Data deficits around Covaxin contribute to vaccine hesitancy in India
First Draft uses cookies to distinguish you from other users of our website. They allow us to recognise users over multiple visits, and to collect basic data about your use of the website. Cookies help us provide you with a good experience when you browse our website and also allows us to improve our site. Check our cookie policy to read more. Cookie Policy.

Data deficits around Covaxin contribute to vaccine hesitancy in India

Image: First Draft Montage / Photography: Shutterstock

The homegrown vaccine is a key part of India’s massive immunization drive, despite Phase 3 trial data still being collected

The world’s biggest Covid-19 vaccination drive is underway in India, with the ambitious goal of vaccinating 300 million people by July. This has been met with a wave of vaccine hesitancy as doubts around Covaxin —  approved by New Delhi in January along with the Oxford/AstraZeneca vaccine, known in India as Covishield — continue to spread.

Covaxin was developed locally by Indian vaccine maker Bharat Biotech. Although information around Phase 1 trials was published in The Lancet, Phase 3 trials are still underway.

The lack of published data around Covaxin’s development in some ways mirrors AstraZeneca’s failure at first to publicly disclose a dosing error that saw higher efficacy rates among participants who received a half first dose, sowing public doubt about the vaccine.

In the case of India, the lack of data around Covaxin coincides with a slow start to the country’s vaccination drive. The first phase of the immunization program, aimed at healthcare and essential workers, has seen some states register a turnout as low as 22 per cent in early January. Vaccination rates currently linger around 56 per cent nationally, well behind expectations, according to the Economic Times. India scaled up its vaccination program March 1 and jabs are now available to those over 60, or younger people with other illnesses.

While India does not historically have a large or vocal anti-vaccine movement, the rollout of a jab with limited data has contributed to doubts around India’s overall vaccination program.

Emerging skepticism

Several prominent Indians, including former cabinet minister and Congress Party politician Shashi Tharoor, journalist Rajdeep Sardesai and lawyer and activist Prashant Bhushan, expressed doubts about the vaccine on social media following its Jan. 3 authorization for emergency use in India.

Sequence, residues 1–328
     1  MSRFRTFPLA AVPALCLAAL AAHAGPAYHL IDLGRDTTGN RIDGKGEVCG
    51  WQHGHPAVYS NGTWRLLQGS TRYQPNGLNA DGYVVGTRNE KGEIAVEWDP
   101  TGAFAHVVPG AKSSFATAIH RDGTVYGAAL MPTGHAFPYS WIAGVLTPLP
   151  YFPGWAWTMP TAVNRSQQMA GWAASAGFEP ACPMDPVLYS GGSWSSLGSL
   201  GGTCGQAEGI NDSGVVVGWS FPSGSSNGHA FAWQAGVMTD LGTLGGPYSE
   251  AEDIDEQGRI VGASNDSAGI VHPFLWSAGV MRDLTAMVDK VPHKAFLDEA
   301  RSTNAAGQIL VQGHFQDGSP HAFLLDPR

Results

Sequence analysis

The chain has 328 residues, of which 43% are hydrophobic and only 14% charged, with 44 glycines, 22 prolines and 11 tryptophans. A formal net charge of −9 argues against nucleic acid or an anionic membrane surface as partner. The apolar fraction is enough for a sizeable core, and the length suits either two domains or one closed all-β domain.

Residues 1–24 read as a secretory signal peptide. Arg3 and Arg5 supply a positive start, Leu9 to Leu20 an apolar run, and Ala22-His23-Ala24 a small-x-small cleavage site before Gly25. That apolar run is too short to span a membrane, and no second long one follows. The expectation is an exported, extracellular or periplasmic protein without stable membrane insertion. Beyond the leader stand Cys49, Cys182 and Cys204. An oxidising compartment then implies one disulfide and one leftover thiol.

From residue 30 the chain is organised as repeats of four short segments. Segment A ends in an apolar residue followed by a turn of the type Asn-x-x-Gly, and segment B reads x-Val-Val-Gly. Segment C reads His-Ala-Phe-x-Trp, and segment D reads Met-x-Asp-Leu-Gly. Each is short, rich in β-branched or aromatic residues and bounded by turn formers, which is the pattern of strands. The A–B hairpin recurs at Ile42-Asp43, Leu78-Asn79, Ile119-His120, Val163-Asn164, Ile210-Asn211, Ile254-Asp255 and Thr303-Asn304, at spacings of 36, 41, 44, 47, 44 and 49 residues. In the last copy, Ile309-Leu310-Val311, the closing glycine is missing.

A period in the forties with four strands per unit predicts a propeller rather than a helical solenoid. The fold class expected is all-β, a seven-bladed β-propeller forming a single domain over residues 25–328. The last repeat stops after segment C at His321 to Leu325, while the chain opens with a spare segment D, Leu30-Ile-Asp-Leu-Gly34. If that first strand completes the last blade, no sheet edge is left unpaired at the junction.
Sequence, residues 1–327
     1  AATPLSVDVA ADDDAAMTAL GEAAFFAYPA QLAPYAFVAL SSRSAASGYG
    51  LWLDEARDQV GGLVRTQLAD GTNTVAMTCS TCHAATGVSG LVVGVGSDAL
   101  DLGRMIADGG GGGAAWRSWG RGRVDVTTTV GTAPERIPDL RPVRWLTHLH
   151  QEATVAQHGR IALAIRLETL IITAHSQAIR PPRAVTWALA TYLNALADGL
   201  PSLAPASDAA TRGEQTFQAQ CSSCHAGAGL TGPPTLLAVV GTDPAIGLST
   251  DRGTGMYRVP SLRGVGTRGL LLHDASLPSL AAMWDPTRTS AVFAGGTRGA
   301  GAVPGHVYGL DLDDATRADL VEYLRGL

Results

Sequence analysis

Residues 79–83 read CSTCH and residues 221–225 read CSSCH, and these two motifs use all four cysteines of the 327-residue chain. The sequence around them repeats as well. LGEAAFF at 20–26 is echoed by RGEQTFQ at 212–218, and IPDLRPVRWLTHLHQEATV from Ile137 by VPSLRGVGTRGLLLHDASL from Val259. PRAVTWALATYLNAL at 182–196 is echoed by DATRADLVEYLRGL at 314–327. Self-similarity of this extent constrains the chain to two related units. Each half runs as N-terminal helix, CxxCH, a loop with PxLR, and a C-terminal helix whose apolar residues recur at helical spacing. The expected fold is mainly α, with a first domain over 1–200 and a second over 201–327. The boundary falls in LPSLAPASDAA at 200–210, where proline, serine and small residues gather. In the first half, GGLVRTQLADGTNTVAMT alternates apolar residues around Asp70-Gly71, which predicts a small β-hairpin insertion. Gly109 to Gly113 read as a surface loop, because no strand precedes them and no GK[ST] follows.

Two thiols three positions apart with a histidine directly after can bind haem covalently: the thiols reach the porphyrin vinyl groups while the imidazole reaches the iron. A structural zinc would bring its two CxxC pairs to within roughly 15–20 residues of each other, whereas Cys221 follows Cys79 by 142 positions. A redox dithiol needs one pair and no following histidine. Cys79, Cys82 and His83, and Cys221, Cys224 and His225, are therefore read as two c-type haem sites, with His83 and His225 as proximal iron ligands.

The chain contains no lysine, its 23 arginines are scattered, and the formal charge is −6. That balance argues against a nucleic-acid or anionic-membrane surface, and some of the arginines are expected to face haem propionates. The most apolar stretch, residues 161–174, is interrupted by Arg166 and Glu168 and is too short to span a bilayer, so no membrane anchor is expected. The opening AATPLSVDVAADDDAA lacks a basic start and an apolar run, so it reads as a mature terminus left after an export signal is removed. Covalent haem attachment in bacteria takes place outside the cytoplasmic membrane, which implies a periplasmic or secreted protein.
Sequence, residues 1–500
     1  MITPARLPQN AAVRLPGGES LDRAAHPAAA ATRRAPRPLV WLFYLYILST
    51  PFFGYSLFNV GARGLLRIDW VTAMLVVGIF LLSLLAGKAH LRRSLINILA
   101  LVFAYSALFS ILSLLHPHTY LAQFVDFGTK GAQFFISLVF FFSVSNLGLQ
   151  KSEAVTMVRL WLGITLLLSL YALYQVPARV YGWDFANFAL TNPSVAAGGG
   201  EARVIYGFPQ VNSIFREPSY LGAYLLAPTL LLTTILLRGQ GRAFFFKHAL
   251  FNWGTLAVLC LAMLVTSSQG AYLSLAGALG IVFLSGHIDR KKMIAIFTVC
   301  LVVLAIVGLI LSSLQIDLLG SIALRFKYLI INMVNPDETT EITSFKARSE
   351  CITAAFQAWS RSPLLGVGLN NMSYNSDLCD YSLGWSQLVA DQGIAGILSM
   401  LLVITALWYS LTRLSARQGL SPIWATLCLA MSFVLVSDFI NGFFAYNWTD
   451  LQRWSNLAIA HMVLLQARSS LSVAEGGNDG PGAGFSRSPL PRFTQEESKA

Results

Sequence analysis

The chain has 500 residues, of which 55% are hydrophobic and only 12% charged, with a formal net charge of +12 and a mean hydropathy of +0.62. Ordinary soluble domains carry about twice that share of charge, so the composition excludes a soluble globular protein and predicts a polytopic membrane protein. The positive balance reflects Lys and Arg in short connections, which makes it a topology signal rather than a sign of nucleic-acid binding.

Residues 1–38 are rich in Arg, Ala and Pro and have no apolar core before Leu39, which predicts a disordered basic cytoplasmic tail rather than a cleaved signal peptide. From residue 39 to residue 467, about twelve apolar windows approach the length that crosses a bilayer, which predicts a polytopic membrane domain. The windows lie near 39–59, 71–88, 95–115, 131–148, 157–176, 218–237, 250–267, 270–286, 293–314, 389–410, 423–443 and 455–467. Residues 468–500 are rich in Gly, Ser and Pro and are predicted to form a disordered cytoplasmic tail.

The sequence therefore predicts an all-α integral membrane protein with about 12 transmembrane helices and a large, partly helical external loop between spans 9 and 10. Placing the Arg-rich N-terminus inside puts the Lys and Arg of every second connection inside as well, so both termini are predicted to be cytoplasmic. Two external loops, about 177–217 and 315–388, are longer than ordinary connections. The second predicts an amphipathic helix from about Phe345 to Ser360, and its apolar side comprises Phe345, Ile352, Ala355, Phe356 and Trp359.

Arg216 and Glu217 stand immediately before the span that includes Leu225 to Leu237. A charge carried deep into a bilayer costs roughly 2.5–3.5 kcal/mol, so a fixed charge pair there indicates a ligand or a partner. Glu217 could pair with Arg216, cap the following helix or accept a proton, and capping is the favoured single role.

On January 6, Professor Gagandeep Kang, the first female Indian scientist to be elected a Fellow of the Royal Society, asked why the government had approved a vaccine without efficacy data in an interview with India’s The Wire. Kang also expressed concerns with Covishield, noting that the dosing error — which raised concerns among scientists around the world — during trials was “messy.” Further media interviews, including one in the influential The Hindu, led to the hashtag #GagandeepKang trending on Twitter, and a January spike in Google searches for “Gagandeep Kang” and “Gagandeep Kang vaccine.”

Dr. Gagandeep Kang said she wouldn’t take Covaxin until it’s efficacy data was made public in an interview with The Wire

In mid-January, several media outlets, including the Times of India, reported that people would not be allowed to choose which vaccine they would receive. Doctors, scientists and activists raised fears about the distribution of the homegrown Covaxin, given the lack of efficacy data, and their views soon spread widely on social media.

Soon after, Indian activist Sakhet Gokhale, a prominent critic of Prime Minister Narendra Modi’s government, filed a complaint in court against the country’s drug regulatory body, asking for information around the safety and efficacy of the jab. Gokhale also repeatedly tweeted about the lack of information about Covaxin around this time. 

Doubts among a growing number of doctors also soon gained significant national attention. In mid-January, a report of doctors in a New Delhi hospital refusing the Covaxin jab and requesting AstraZeneca’s Covishield was shared by several national news outlets, including NDTV, The Caravan and India Today.